Recovery Articles

How the Brain Creates a Dependence On Opioids

Sunday, August 24th, 2014

How The Brain Creates A Dependence On OpioidsOpioids have been around for a very long time, and are used as painkillers to help patients cope with pain post-surgery. They have both helped and harmed people, alleviating chronic pain for people who have undergone invasive surgeries, but also being the source of dangerous addictions for those who have developed dependencies on the painkillers.

Derived from the poppy plant, it’s known for being able to induce sleep. And the use of opioids for medical reasons is widespread, which has contributed to the growth of opioid related addictions. The reason lies in the powerful effect opioids have on the brain.

How to Be Diligent in Your Recovery

Sunday, August 24th, 2014

3 Ways to Develop A Spiritual PracticeRecovery is a long process. It takes time and it takes patience to achieve a relative balance and to find a measure of health after you’ve been diagnosed with a mental illness.

When I was diagnosed eight years ago with schizophrenia I was so riddled by delusions and paranoia that I could hardly step foot outside. I was constantly worried that people were thinking things about me, talking behind my back and conspiring against me. In the thick of it, it was me against this horrible evil world, and to say it broke me would be an understatement.

Why the Death of Robin Williams Is So Hard to Accept

Wednesday, August 20th, 2014

Flickr Creative Commons / Global PanoramaSadly, it’s nothing new — a celebrity either directly or indirectly ends their own life. It was Philip Seymour Hoffman, most recently; Heath Ledger, previously; and the list continues.

Now, Robin Williams is gone. Removed from the world directly by his own hand.

As much as I was moved by deaths of other celebrities who hold a place within me, there is something noticeably more difficult to accept with Robin Williams’ suicide.

Hopeful Lessons from Robin Williams and Kurt Cobain

Tuesday, August 19th, 2014

Hopeful Lessons from Robin Williams and Kurt CobainI’m old enough to remember Kurt Cobain’s suicide in 1994, and what a major cultural and news event it was.

Although there have been other celebrity deaths in the years since, it’s only now with Robin Williams that a suicide has had as much attention and social magnitude.

The differences over time are striking. Social media has changed the nature of news as well as the conversation about news, and blogs make it easy for anyone to publish online what once might have been op-eds and letters to the editor in paper newspapers and magazines. Retweets and faves on @unsuicide reached an all-time high this week, with more people interested in both learning about and sharing information on suicide prevention. Mashable noticed a powerful and far-reaching positive change in the dialogue about suicide.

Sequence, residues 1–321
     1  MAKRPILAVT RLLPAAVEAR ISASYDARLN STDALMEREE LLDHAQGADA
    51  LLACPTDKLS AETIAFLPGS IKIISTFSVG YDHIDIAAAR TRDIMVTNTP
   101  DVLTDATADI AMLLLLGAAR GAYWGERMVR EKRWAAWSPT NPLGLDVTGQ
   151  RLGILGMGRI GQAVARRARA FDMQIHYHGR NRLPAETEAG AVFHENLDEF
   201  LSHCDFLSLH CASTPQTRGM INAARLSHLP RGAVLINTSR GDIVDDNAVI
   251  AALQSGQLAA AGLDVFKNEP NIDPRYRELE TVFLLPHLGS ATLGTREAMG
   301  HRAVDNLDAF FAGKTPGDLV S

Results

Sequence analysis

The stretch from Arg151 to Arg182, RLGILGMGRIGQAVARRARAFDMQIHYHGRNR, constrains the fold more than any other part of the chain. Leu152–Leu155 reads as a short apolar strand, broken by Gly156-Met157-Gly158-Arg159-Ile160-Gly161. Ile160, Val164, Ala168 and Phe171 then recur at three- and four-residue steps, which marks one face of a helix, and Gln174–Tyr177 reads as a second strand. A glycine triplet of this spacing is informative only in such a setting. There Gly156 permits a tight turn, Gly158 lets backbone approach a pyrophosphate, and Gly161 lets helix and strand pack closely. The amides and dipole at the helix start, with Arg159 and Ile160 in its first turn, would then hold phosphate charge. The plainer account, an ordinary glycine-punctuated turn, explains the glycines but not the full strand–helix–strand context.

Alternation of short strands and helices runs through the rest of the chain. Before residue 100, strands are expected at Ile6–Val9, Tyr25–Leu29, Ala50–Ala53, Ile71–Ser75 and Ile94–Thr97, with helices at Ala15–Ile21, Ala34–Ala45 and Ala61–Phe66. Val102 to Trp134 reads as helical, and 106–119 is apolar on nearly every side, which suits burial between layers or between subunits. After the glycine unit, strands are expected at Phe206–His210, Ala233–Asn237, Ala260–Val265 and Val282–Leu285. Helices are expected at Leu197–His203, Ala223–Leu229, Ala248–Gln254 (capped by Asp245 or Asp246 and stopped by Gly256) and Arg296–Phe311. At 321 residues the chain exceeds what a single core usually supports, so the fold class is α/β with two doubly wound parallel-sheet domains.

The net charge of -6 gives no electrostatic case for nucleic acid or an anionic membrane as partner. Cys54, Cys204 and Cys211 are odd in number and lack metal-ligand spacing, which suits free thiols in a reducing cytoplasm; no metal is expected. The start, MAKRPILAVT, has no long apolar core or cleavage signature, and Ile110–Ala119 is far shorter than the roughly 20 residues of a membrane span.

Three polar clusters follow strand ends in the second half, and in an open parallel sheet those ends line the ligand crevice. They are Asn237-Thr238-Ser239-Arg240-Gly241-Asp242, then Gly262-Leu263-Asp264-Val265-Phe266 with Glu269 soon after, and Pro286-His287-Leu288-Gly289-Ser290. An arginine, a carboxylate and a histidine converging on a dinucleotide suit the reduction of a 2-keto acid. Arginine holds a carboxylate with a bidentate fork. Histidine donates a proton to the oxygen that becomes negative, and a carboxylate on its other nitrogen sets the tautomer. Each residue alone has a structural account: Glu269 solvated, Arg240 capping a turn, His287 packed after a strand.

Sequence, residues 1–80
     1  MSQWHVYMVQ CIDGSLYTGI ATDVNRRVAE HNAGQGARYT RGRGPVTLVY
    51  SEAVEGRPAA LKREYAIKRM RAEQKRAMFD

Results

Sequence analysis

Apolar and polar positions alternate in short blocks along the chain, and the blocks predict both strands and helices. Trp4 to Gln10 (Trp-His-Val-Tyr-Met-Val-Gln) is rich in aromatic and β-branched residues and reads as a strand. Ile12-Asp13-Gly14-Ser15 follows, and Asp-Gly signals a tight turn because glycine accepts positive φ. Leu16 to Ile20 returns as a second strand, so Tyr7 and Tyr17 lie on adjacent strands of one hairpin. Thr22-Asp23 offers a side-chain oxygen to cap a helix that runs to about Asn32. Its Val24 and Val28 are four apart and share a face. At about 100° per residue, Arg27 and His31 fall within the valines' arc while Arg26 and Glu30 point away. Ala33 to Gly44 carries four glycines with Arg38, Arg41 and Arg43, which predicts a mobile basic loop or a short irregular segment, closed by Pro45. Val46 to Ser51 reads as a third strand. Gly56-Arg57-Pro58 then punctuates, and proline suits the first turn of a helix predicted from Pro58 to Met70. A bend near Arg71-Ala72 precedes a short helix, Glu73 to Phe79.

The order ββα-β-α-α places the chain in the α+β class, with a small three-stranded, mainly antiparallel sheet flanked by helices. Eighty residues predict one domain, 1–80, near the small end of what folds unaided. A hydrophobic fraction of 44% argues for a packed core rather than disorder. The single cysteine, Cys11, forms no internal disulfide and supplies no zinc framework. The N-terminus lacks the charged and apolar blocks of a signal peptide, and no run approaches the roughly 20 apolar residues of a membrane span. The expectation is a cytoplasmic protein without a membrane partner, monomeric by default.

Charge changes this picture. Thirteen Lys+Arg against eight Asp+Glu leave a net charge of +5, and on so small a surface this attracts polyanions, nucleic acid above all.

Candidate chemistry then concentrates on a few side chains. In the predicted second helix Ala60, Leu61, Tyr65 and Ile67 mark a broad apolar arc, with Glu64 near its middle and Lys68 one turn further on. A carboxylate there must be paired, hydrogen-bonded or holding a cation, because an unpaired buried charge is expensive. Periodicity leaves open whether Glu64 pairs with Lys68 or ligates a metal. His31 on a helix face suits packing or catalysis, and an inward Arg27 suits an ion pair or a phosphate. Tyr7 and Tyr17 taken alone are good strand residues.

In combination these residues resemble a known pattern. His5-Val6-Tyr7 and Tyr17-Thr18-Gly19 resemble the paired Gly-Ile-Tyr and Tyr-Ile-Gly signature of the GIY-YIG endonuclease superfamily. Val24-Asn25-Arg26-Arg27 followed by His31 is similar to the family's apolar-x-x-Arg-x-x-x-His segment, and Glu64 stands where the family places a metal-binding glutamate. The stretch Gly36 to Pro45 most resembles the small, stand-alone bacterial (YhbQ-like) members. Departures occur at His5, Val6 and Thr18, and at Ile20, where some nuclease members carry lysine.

Can a Sex Addict Also Be a Codependent?

Sunday, August 17th, 2014

Can a Sex Addict also be a Codependent?In my 27 years working with addicts and codependents, I rarely have come across a completely healthy partner of an addict. Although addicts’ partners are unequivocally not to blame for the addiction, and most certainly not the consequences of it, they certainly carry responsibility for the shared relationship problems.

The nature of shared relational responsibility is even more pronounced in the sex addict/co-addict (partner) relationship. Addiction psychotherapists all have experienced how both the addict and his or her partner participate, either actively or passively, in their dysfunctional relationship.

The Difference Between Love and Love Addiction

Thursday, August 14th, 2014

The Difference between Love and Love AddictionEven for a securely attached personality, falling in love can be temporarily disorienting. We are all familiar with phrases such as “she took my breath away” or “he swept me off my feet.” Usually, however, this initial whirlwind is followed by a period of trust-building and the establishment of true intimacy based on mutual respect and understanding.

The above phrases often have a very different meaning for a love addict. They signal destabilization and loss of autonomy. Infatuation can mark the beginning of a downward spiral into obsession and constant preoccupation.

Withdrawal: The Good, the Bad, and the Ugly

Thursday, August 7th, 2014

Withdrawal: the Good, the Bad, and the UglyWithdrawal makes love addiction different from codependency. Like any other addict, a love addict wants a fix — in this case, the object of his or her obsession. That could be a particular person, or a relationship in general. So what happens when that “substance” goes away?